(186) Emmet: The Nature of Metaphysical Thinking, p. 26.

(187) Hence Culverwell's assertion that we can never have complete intellectual knowledge of anything - "we can never exhaust the whole intelligibility of any entity"; meanwhile he justifies partial knowledge on cherence grounds and by asserting "the experience of certainty is imprinted on our souls by God along with other images." Its ultimate foundation is experience, far above sense, when the soul achieves a level where it can forget "its wrangling syllogisms" entering an intuitional unity with its supreme object, see de Boer: Theory of Knowledge, p. 61 et seq.

(188) Wick: Metaphysics and the New Logic, pp. 143-143.

(189) Ennead 1, 3, 5.

(190) See Robin: La Théorie Platonicienne des Idées et des Nombres d'après Aristote, p. 501, et seq.

(191) Republic VI, 509B.

(192) Jabobi Mazzini: In Universam Platonis et Aristotelis Philosophiam Praeludia....Venetiis 1597, p. 187, quoted Koyre, Galileo and Plato, p. 400 et seq J.H. I. IV, No. 4, 1943.

(193) Dialogues Two Principal Systems, Saldsbury trans. vol I, p. 181.

(194) Sigilli Sigillorum, Secunda Pars, Cap IV (Opere Lat. Conscripte, Florence, 1890, Vol. II, pt. II, p. 196-197).

(195) Phaedrus 247C.

(196) Philebus 59C.

(197) Ibid 57C.

(198) Ibid 56A-56B.

(199) Ibid 55.

(200) W.F.R. Hardie: A Study in Plato, Oxford, 1936, p. 35.

(201) Statesman, 283 and 260B.

(202) Protagoras, 356A.

(203) Philebus, 25-26B.

(204) Protagoras, 357C.

(205) Philebus, 51C-D.

(206) Metaphysics, 1090A.

(207) In Holland trans. of Philosophy Commonly called the Moral, 1657 ed., p. 834-835.

(208) Metaphysics, 1090A.

(209) Commentary on Euclid. Introd. Pt. 1, ed. cit. p. 9.

(210) De lib. arbit., II 8, 21, discussed Gilson, Introduction à l'étude de Saint Augustin, p. 19 et seq.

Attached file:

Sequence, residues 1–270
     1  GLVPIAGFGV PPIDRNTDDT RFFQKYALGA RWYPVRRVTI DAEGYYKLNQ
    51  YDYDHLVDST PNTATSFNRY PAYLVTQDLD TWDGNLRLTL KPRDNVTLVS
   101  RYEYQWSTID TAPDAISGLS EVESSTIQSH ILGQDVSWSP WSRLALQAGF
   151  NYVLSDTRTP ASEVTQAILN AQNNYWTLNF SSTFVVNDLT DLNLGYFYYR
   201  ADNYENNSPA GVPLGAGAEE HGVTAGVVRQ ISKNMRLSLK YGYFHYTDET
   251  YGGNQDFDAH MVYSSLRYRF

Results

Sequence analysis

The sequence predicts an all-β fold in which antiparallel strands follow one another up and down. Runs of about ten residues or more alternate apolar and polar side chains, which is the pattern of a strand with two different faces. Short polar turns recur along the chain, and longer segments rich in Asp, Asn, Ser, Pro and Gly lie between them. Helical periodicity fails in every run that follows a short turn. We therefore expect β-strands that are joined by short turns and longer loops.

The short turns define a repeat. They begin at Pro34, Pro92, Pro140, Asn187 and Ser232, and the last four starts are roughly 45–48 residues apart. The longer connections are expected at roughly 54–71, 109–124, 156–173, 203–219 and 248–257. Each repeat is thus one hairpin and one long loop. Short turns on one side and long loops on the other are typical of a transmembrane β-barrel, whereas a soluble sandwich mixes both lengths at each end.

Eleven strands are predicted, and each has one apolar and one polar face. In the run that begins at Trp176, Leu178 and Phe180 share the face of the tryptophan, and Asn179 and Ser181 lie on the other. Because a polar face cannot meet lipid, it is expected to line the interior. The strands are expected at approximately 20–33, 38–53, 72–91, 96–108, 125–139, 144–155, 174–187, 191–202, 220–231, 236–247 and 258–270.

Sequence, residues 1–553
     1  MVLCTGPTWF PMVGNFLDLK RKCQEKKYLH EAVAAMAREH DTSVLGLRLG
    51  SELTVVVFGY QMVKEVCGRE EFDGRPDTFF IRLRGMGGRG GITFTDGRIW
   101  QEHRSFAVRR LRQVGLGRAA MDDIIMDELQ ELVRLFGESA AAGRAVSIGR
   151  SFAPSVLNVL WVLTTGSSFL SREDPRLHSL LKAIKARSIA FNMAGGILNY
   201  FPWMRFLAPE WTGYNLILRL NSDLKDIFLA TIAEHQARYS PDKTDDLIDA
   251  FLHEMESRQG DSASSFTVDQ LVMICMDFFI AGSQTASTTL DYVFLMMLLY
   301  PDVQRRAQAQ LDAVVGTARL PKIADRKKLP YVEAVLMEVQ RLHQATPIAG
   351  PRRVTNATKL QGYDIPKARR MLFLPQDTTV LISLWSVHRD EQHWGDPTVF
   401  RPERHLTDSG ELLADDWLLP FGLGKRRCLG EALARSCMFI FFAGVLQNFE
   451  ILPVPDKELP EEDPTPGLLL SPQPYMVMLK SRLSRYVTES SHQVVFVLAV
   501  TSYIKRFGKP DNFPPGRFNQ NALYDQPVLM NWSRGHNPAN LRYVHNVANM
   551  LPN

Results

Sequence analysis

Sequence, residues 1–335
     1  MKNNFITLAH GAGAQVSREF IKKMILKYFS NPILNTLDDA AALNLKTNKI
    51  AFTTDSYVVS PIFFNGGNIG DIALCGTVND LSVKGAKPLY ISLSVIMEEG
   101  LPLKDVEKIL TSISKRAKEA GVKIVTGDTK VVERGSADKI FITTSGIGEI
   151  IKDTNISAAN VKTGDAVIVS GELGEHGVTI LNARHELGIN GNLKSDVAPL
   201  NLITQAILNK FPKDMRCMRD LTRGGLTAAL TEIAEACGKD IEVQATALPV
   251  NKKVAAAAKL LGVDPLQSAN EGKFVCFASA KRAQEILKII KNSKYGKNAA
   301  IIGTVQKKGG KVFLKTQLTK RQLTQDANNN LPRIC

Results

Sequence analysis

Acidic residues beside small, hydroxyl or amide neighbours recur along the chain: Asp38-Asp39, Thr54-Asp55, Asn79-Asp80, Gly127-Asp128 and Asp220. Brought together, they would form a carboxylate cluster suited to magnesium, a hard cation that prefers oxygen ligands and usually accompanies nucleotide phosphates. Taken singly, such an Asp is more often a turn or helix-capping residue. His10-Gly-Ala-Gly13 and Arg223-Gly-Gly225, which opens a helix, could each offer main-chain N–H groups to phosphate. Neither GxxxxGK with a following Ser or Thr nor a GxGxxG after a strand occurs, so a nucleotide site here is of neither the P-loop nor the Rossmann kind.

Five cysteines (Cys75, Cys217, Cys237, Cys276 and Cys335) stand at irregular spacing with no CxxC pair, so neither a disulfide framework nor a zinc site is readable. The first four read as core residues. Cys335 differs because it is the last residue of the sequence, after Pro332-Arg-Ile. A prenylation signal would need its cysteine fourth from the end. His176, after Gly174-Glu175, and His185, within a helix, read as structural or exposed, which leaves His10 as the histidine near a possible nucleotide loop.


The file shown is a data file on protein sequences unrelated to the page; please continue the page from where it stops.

(211) L'Encyclie des secrets de l'Eternité, 1571, cited Schmidt, La Poesie Scientifique, p. 187.

(212) Discourse IV, chap. 5.

(213) Treatise concerning Eternal and Immutable morality IV, 4, 5 (Appended T.I.S. 1845 ed., vol. III, p. 625).

(214) Meditationes de Prima Philsophia, Amsterdam, 1678, Med. V. "De essentia rerum materialem, et iterum de Deo quod existat," p. 31. The conclusion reached by this is "Atque ita planè video omnis scientiae certitudinem et veritatem ab una veri Dei cognitione pendere."

(215) C.p. G.H. Hardy, A Mathematicians Apology, Cambridge, 1940, p. 63-64. "I believe that mathematical reality lies outside us, that our function is to discover it or observe it, and that the theorems which we prove and which we designate grandiloquently as our creations are simply our notes of our observations," and Russell's declaration of his former belief "in the Platonic reality of Numbers, which in my imagination peopled the timeless realm of Being." (New Pref. to 2nd ed., Principles of Mathematics, 1937, p. X.)

(216) Opus Majus IV, I, 3, Vol. 1, p. 121-127.

(217) Epistle 79 (Oeuvres, trans. Druon, p. 508).

(218) Opus Majus, ed. Jebb, London, 1733, p. 64.

(219) Opus Majus (Burke trans.), Vol. I, pp. 121-127.

(220) Op. Maj., Pt. V, Vol. II., p. 499 et seq.

(221) Bib. Nat. M.S. 16089 Printed R. Steele Isis XX, 1933, Roger Bacon as Professor, A student's notes, p. 83 et seq. (The arguments are very similar in style to those in Op. Maj. Pt. IV, Dist. I, Cap. II.)

(222) De Beryllo, Cap. XXXVIII (Opera 1450, p. 177 - unnumbered).

(223) Dial 3. (Oeuvres Choises, p. 251).